I also like Wall Street Takeover of Social Security

Posted by: Petey | Dec 14, 2004 11:28:10 PM

I like "gutting Social Security".

Posted by: Blogtheist | Dec 14, 2004 11:38:23 PM

- Rapacious Plundering of Social Security.
- The Enron-izing of our Pension Plan
- Throwing Granny to the Wolves

And let's not forget that the Republicans are determined to avoid the word "Privitization". Let's not let them avoid it.

Posted by: Petey | Dec 14, 2004 11:42:14 PM

I think "forced savings" would have a weird appeal to some people, especially if they knew that it would come from money they were already giving to the government

Since when does the gubmint get to tell me what to do?! All you have to do to look better than a "forced" plan is offer up a modest, optional investment option on top of social security (I know, these already exist). Then no one's forcing your hand... you have more freedom. And almost everyone likes freedom.

How about "forced investment"? or, in a longer formulation, "forcing Americans to bet their retirement on wall street"?

Posted by: anonymous coward | Dec 14, 2004 11:53:15 PM

Use of the term "forced savings" could backfire -- that is essentially what Social Security is now. No one has a choice in paying the payroll tax. My suggestion and preference is to frame this as a "wall street windfall" or merely for what it is ... they want to do away with Social Security. They've been dreaming about this opportunity for 40+ years and it is now that they see a window of opportunity. We can't let them portray it as anything other than a direct and concerted effort to end the program.

Posted by: Chad M Schuldt | Dec 14, 2004 11:57:29 PM

Wall Street Subsidies

Forced Gambling
Forced Investing

Posted by: cleek | Dec 15, 2004 12:07:32 AM

We should be turning your money over on this one.

The debate should be framed around the turning your money over to the fat-cat donors on Wall Street, which is the phrase Reed is already good. Do not use Bush's name; after all, Bush is popular.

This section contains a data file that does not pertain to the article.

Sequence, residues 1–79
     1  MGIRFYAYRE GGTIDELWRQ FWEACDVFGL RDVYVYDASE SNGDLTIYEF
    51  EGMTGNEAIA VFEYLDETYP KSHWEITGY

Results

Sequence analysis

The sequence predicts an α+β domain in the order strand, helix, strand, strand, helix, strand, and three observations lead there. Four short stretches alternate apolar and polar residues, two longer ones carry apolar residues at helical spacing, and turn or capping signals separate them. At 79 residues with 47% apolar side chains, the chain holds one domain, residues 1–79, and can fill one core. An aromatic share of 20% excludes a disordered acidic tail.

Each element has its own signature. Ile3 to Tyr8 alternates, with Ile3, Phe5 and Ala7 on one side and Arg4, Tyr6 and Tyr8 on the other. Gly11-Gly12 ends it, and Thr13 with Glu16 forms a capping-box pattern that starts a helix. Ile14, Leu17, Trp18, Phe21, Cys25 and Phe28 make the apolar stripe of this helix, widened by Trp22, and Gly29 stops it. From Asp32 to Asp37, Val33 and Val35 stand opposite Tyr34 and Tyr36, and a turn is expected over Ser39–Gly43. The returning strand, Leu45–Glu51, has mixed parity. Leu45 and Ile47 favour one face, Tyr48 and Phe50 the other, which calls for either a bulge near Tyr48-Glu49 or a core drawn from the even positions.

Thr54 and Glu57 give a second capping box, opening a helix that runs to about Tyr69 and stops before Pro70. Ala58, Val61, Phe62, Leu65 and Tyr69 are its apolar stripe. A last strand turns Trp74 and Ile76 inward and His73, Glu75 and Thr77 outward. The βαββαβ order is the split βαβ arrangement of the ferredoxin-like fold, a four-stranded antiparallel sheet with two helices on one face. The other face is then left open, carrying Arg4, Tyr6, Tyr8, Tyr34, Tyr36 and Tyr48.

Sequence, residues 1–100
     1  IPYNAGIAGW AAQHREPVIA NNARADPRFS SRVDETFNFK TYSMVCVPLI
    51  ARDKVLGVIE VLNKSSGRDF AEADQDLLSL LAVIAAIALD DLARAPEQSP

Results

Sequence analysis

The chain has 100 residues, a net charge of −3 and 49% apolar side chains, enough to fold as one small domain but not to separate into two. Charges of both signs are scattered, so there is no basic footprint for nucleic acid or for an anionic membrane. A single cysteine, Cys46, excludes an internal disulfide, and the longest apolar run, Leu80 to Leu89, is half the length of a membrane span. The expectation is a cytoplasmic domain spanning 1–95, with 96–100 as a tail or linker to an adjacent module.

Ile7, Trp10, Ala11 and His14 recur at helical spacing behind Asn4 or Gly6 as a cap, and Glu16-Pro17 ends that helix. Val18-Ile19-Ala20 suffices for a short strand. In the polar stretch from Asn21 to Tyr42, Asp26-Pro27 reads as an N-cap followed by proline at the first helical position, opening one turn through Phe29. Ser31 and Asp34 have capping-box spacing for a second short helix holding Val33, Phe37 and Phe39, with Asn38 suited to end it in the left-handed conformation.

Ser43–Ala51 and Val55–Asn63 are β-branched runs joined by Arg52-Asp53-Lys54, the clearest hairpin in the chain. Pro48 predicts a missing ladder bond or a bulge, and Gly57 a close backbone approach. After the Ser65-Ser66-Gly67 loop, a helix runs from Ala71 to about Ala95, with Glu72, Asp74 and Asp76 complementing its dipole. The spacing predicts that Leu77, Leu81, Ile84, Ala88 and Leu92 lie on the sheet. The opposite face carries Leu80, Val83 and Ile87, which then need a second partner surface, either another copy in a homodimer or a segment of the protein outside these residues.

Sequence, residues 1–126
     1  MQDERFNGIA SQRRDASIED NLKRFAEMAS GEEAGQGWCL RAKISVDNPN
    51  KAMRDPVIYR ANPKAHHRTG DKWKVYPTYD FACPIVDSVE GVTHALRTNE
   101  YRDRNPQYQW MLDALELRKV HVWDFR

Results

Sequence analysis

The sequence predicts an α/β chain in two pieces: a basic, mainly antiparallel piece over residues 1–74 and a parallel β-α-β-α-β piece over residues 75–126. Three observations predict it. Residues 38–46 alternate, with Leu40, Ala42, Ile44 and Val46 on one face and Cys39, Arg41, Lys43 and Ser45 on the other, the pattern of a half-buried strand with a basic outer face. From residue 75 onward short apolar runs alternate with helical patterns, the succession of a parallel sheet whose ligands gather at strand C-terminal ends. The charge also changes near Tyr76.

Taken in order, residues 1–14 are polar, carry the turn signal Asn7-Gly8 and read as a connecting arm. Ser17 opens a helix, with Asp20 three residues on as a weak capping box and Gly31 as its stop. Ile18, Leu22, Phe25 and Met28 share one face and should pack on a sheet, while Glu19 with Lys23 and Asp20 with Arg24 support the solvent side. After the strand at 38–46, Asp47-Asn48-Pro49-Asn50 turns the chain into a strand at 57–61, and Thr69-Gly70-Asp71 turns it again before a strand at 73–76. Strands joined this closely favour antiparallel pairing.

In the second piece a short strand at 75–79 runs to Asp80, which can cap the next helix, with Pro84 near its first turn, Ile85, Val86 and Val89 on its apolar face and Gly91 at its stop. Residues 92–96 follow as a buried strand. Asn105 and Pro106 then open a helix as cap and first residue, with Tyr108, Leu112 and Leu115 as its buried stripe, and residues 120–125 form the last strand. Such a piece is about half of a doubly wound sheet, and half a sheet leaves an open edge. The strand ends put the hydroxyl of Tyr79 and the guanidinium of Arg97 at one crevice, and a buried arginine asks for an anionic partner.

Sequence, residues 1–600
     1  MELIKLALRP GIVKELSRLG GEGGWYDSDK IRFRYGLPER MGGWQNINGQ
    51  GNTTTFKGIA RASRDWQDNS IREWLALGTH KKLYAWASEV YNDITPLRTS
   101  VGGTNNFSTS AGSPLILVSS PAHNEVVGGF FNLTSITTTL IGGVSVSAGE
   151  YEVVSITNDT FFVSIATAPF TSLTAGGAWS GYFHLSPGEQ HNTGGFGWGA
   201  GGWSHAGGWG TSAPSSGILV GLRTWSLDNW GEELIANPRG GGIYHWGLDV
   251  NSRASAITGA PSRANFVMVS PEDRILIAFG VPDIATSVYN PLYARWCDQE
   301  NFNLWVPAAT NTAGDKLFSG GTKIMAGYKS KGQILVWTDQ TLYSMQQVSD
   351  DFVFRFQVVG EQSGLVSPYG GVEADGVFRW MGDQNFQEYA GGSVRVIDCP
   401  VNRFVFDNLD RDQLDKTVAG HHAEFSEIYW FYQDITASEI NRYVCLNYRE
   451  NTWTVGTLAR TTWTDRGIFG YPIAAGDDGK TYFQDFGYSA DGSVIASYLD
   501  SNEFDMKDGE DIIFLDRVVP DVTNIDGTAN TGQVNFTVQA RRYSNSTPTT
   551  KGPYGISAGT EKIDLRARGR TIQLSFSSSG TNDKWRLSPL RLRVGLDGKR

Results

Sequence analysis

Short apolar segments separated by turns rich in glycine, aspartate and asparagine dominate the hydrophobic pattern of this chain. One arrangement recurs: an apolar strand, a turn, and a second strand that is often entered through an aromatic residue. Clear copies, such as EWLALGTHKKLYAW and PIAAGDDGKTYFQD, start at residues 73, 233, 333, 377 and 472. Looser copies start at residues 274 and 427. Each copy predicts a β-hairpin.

I like the symmetry of Social Insecurity plan.

Bush's borrowing strategy should be called Enron-style fuzzy math.

A separate component of the messaging strategy must involve spreading uncertainty about the need for "reform". When Gore challenged Bush on the number of uninsured, Bush's response was "a lot of those uninsured people are young and healthy, so they don't think they need to buy insurance". This implies that we shouldn't feel quite so bad about the number of uninsured.

Therefore, business moderate Democrats should say Wall Street usually deals with hundreds of millions of dollars at a time. They'd have trouble keeping up with everyone's individual account. This will help sow doubt that Wall Street can even manage all of the accounts.

Likewise, the point about fees needs to be made: Wall Street would make a bigger commission than the government does. That takes your money money out of your pocket.

Hmmm ... these last two are not quite right. Maybe someone can condense these phrases by a few words. But the point exists: even as it stands, a number of financial services firms are unsure whether or not managing millions of individual accounts makes any sense for them. We should be getting spokespeople from sympathetic firms up there on this one.

And Jon Corzine should be on CNN, CNNHN, CNNfN, CNBC, MSNBC, Neil Cavuto's show ... anything that has a stock ticker underneath it, saying what a bad idea this is and how Wall Street wouldn't be able to work it out. It's not like he needs to worry about running for Governor of New Jersey, right?

Posted by: niq | Dec 15, 2004 12:17:04 AM

I like "forced speculation" above "forced savings."

More people like saving than speculating.


Posted by: keef | Dec 15, 2004 12:18:11 AM

Keef's got the right idea. Bush wants to turn our retirement over to Wall Street. Using that phrase leads naturally to all sorts of talk about Enron, speculation, fat commissions for the bankers -- all of it sounds bad and all of it is true.

Posted by: charlie | Dec 15, 2004 12:40:38 AM